Zoning regulations and land use policy reforms

Program overview

  • Focusing regulation on form, not use: Form-based zoning codes regulate development based on its physical form (e.g., number of floors). This contrasts with conventional zoning codes, which focus on separating land uses, such as residential areas from commercial areas. Since form-based codes encourage co-locating different uses, they can increase physical activity and use of active forms of transportation.

  • Addressing the impact of development on the public realm: Form-based codes consist of five elements. These include a regulating plan, which designates building form standards for each parcel; public standards that specify requirements for elements in the public realm (e.g., sidewalks); building standards, which regulate building features that impact the public realm (e.g., building facade); a process for application and project review; and a glossary of terms.

  • Shifting to a form-based code: Local governments are responsible for establishing a zoning code to regulate development. In areas with conventional zoning codes, mayors, city councils, and planning departments may lead the process of adopting a form-based code. This typically involves determining which parts of a community will use a form-based code, assessing the existing conditions in these areas, and drafting regulations after a period of public engagement.

Target Population
Cost per Participant
Not applicable

Evidence and impacts


Ranked as having the highest level of evidence by County Health Rankings and Roadmaps

Multiple studies with rigorous designs demonstrate that zoning reform is a well-supported strategy for improving outcomes related to physical activity and active transportation.

Best practices in implementation

Note: This content is under review

  • Engage key stakeholders in creating a new zoning code: Local governments should meaningfully engage key stakeholders in the creation of a form-based code, especially in the visioning and planning stages. Groups to target may include advocacy groups, small business owners, developers, community organizations, and residents with varied demographic backgrounds and housing situations.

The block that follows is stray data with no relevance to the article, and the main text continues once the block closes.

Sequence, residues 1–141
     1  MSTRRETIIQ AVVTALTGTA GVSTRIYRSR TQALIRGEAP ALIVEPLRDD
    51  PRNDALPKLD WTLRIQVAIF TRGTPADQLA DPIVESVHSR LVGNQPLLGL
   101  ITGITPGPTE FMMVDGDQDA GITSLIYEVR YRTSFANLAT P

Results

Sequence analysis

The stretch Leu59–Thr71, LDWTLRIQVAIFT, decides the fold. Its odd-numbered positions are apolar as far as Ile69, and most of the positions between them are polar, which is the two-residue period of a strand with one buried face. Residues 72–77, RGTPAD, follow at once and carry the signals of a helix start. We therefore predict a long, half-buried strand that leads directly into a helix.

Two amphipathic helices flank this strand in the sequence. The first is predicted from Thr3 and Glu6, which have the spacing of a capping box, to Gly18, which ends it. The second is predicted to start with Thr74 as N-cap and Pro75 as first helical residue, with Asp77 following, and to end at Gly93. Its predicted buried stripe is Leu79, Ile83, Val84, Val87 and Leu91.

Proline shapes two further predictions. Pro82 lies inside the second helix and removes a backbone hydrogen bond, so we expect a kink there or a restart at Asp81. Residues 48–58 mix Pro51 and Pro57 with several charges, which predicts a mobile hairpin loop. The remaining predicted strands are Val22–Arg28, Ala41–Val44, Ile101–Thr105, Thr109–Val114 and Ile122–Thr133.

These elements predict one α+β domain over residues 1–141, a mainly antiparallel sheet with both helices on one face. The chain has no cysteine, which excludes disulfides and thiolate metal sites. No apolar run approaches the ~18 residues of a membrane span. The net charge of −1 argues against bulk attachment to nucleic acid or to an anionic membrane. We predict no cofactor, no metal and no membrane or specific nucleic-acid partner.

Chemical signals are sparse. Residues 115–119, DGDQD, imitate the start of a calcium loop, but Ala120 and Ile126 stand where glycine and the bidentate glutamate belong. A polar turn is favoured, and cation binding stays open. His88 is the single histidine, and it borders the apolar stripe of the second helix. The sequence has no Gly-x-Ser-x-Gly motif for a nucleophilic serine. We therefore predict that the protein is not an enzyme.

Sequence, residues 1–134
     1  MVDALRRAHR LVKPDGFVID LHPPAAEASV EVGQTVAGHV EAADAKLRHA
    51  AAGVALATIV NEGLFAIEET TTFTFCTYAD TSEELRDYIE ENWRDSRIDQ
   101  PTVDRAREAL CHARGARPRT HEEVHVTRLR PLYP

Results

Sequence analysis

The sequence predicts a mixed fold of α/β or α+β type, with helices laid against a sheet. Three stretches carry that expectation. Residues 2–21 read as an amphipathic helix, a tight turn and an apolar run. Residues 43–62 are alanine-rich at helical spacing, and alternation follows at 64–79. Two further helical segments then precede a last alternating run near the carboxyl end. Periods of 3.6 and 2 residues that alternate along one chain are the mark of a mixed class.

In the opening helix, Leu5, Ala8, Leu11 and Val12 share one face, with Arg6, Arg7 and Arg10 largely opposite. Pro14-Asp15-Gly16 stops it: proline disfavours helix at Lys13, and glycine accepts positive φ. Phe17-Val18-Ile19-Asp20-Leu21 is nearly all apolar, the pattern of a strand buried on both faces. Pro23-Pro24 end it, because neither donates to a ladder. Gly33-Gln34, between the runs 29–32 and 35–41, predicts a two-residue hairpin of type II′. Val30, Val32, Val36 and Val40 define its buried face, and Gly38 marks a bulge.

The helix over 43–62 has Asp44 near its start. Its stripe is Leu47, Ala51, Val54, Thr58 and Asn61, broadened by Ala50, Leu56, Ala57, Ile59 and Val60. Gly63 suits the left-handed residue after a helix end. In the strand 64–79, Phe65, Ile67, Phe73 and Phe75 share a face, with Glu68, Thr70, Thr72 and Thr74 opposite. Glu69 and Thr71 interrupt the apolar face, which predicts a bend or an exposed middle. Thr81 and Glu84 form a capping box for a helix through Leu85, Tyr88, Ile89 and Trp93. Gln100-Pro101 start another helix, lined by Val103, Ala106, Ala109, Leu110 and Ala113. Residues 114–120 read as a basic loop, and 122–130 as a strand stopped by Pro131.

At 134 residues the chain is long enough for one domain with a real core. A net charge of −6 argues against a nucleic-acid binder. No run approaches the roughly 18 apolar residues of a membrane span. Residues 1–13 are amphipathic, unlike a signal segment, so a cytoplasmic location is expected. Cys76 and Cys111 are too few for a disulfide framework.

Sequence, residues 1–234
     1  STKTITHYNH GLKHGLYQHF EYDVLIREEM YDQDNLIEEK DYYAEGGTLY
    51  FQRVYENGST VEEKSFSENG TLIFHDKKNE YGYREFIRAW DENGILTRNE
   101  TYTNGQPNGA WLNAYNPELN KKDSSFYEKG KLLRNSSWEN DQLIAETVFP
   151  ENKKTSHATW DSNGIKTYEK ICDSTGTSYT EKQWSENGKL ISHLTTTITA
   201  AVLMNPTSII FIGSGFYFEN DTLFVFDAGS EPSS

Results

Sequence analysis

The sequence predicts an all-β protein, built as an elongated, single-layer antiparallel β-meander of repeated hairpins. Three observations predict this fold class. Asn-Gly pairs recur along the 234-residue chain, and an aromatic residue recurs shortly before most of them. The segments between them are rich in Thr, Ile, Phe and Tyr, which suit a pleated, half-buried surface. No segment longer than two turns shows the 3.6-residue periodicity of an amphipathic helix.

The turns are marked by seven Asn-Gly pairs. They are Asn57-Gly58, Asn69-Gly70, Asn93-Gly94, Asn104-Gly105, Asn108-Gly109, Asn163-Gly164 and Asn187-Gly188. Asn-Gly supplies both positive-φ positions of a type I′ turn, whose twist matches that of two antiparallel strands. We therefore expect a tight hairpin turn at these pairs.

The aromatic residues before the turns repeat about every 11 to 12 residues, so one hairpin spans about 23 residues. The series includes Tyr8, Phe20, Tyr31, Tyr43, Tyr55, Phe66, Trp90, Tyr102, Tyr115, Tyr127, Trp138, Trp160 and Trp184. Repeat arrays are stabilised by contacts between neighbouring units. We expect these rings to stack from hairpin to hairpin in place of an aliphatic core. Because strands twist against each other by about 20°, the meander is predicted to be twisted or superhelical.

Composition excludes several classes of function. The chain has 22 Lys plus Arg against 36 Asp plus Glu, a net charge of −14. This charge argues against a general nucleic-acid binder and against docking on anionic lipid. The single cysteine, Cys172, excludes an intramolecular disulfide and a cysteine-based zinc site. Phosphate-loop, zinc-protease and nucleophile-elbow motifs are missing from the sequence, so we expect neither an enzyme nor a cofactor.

• Create a code that is simple and easy to use: Due to their reliance on technical language and limited use of pictures and diagrams, conventional zoning codes are typically difficult for the public to understand. When creating a new, form-based code, local governments should prioritize accessibility by balancing the use of graphics and text and limiting the use of technical language.

  • Implement policies to mitigate displacement and empower residents: Adopting a form-based code in a historically disinvested neighborhood can result in market-rate development that can displace existing residents and businesses. By implementing policies and programs that support existing residents and business owners, like tax credits for first-time homebuyers or a small business loan program, local governments can mitigate these impacts.

  • Optimize the code to create walkable neighborhoods: Several of the benefits of form-based codes (e.g., increased physical activity) are tied to the ability of residents and visitors to access most of their regular needs without a vehicle. Local governments can optimize the ability of a form-based code to promote walkability by encouraging engaging building design, supporting multiple transportation options (e.g., inclusion of bike infrastructure), and more.